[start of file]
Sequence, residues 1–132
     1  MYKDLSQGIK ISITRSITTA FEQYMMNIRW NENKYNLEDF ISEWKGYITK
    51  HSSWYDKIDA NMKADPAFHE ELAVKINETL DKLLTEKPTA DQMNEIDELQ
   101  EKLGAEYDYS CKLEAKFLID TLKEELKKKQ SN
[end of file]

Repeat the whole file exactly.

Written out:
Sequence, residues 1–132
     1  MYKDLSQGIK ISITRSITTA FEQYMMNIRW NENKYNLEDF ISEWKGYITK
    51  HSSWYDKIDA NMKADPAFHE ELAVKINETL DKLLTEKPTA DQMNEIDELQ
   101  EKLGAEYDYS CKLEAKFLID TLKEELKKKQ SN